That fact alone – considering what he said following Saturday night’s loss to Jon Jones – should close the door on his fighting career. It should, but Sonnen has left the door cracked open, if ever so slightly.
“I’m gonna think it through,” he told Joe Rogan in the Octagon when asked about retirement. “I’m not gonna be one of these guys that hangs around if there isn’t a road to the title. I think that was probably my last opportunity.”
The retirement talk swirling around Sonnen isn’t for the fact that he’s irrelevant in the Octagon. His record during his recent run in the UFC is 5-4. That’s not stellar on the surface, but if you look deeper, there’s actually some meat on the bone.
Sonnen lost his return to the Octagon back in 2009, being submitted by Top 10 fighter Demian Maia. In the four years since, he has since only lost to two men that, alongside Georges St-Pierre, are considered among the three best fighters of all time: Anderson Silva, twice, and Jon Jones.
The five fighters on Sonnen’s hit list are no slouches either. Four of the five have been considered Top 10 at one time or another, and include Dan Miller, Yushin Okami, Nate Marquardt, Brian Stann, and Michael Bisping.
It is actually Sonnen’s performance outside of the Octagon, however, that has people pushing him away from the mat and into the broadcast booth.
When he isn’t using his venomous poetry to hype fights, he often takes to the microphone for pre and post-fight coverage, and has landed a steady gig co-hosting UFC Tonight on Fuel TV opposite Kenny Florian.
UFC president Dana White has often said, “Fox loves Chael.” He believes that the network will eventually utilize Sonnen’s gift for gab and detailed analytical skills beyond its UFC coverage.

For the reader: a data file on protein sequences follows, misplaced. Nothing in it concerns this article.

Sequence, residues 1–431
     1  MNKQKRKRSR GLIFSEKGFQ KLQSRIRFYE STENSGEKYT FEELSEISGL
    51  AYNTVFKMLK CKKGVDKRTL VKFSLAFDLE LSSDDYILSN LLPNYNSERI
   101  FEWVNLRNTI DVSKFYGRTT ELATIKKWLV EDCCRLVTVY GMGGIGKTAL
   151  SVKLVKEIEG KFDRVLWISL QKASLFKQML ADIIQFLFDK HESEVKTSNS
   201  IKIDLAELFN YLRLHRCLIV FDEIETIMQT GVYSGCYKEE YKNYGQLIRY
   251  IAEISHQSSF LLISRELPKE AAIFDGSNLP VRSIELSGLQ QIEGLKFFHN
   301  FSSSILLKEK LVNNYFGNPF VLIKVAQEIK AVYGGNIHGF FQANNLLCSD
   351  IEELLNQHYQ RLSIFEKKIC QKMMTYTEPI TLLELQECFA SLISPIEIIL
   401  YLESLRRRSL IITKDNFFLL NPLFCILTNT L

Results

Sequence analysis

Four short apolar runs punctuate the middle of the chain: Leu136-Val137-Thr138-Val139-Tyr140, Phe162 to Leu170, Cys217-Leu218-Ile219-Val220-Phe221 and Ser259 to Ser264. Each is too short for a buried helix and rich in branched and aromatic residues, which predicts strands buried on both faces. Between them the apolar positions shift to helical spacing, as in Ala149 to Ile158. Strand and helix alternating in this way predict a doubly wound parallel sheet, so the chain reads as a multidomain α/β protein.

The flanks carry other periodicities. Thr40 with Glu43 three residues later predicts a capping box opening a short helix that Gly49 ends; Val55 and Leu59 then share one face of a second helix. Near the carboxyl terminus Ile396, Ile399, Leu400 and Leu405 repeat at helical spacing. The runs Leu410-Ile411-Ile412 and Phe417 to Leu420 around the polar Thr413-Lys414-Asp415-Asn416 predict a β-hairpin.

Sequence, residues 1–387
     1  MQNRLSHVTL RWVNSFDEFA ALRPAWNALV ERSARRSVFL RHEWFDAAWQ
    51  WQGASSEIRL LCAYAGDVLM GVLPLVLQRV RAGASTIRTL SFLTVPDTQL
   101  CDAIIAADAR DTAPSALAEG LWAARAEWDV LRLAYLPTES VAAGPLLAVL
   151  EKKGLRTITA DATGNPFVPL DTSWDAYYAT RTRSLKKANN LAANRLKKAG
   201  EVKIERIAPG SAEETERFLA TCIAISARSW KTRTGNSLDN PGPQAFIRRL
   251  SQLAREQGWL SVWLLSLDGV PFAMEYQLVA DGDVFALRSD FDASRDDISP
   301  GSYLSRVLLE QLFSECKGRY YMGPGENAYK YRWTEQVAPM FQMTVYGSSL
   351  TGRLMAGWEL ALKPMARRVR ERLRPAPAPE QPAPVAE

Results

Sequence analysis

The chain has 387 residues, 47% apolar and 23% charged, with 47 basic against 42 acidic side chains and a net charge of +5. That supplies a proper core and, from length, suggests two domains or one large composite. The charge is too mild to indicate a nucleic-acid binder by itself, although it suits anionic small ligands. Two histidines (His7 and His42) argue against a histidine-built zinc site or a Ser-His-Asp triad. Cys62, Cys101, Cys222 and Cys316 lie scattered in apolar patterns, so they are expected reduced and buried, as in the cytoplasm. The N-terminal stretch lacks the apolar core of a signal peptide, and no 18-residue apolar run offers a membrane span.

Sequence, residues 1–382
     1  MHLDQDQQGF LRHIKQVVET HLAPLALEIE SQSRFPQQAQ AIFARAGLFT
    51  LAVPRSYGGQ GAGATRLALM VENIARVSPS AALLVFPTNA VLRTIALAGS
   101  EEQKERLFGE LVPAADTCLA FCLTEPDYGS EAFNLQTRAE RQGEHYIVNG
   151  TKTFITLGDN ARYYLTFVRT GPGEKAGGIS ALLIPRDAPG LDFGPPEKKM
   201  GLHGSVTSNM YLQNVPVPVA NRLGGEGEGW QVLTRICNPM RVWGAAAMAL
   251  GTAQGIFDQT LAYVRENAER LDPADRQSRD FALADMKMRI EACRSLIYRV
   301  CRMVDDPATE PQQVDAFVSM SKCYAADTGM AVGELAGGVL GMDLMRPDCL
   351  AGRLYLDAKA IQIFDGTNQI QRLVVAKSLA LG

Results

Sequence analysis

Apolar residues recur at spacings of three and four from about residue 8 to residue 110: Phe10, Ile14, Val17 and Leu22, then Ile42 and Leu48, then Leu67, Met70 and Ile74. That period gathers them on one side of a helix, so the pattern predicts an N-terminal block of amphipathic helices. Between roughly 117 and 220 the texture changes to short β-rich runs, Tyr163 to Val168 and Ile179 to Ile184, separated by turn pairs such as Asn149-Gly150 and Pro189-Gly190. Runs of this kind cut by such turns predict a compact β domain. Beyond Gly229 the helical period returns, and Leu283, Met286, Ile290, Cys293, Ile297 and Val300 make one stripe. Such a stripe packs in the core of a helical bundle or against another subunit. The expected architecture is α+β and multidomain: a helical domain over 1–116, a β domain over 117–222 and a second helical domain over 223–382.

That’s not lost on Sonnen.
“I like to fight, but I love this business, and there are so many different opportunities that are out there now that weren't here a number of years ago, and broadcasting is one of them.”
He won’t shut the door, at least he wouldn’t on Saturday night, but his self-analysis was spot-on. Anderson Silva and Jon Jones have iron clad grips on the gold around their waists.
Those are the big money fights in the two divisions that Sonnen competes in, and without a shot at either of them, what’s the point?
If he just loved to fight, Sonnen would have already committed to returning to the Octagon. But his goal has always been the belt, and without that, its’ difficult to see a strong enough attraction to entice him.
Never say never, but Sonnen realizes there lies plenty of opportunity for him outside of fighting in a cage, and at 36 years of age, it might just be time for a life change.
“I love this company,” he declared on Saturday night. “But as far as getting into the ring, that comes to an end at some point, and I am by no means saying that happened tonight, but at some point it comes to an end and I will find something else for myself to do with the business.”
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